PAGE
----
Of course I have no real idea, but my guess is that the jurors got it right; otherwise a large percentage of the teaching staff at most British public schools would have been locked away years ago.
Being fumbled and manipulated by a greasy, creepy, unattractive and yet powerful person, who most likely does have some ability to make you feel quite confused as regards the truth, is indeed horrible and sickening. It can have subtle long-termish effects, but in the scheme of all the awful things that happen to children, it is but a part of an overall picture of adult error that if we were to involve the law, would mean that all adults in contact with children would, at some point, need to be put away. Which is worse, afterall, being touched up by a teacher, or being compelled to go to the excruciatingly boring, appallingly coercive, hideously ugly, unnecessarily exhausting, crushingly oppressive institution that is school?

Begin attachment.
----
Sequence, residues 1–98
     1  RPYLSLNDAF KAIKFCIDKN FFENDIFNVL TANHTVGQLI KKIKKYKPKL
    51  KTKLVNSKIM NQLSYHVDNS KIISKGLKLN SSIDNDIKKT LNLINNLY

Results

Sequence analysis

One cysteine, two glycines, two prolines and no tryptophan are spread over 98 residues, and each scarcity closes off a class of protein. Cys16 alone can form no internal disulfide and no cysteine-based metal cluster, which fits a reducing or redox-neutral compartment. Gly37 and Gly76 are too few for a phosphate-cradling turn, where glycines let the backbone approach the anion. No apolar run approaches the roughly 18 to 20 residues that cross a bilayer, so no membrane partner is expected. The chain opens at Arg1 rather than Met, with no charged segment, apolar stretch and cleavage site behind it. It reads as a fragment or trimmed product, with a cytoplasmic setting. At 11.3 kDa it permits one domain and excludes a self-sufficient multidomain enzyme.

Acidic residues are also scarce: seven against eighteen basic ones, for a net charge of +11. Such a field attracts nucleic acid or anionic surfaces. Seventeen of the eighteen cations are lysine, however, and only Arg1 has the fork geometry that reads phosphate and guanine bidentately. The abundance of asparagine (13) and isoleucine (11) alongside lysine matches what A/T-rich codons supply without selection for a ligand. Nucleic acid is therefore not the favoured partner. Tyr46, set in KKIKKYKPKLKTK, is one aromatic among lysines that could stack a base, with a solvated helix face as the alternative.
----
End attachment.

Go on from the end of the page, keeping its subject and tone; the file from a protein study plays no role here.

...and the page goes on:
There is in an order of magnitude of difference between these types of adult interference and those who sexually abuse children in a deeply devastating way and there needs to be great clarity on the difference between these situations. I rather suspect that it looks as if the jurors in the Jackson trial were capable of making this distinction.
Next thing: reduce coercion of children in all it's forms, hopefully through education rather than the use of the law.